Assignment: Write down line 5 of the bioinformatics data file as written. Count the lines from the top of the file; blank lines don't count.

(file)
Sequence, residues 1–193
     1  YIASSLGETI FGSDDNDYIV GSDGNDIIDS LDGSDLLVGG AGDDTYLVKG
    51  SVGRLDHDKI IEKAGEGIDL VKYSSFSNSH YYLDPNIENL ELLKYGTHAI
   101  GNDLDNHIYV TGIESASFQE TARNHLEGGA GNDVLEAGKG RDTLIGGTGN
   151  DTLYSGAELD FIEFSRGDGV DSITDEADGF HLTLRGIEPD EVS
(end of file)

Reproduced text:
   151  DTLYSGAELD FIEFSRGDGV DSITDEADGF HLTLRGIEPD EVS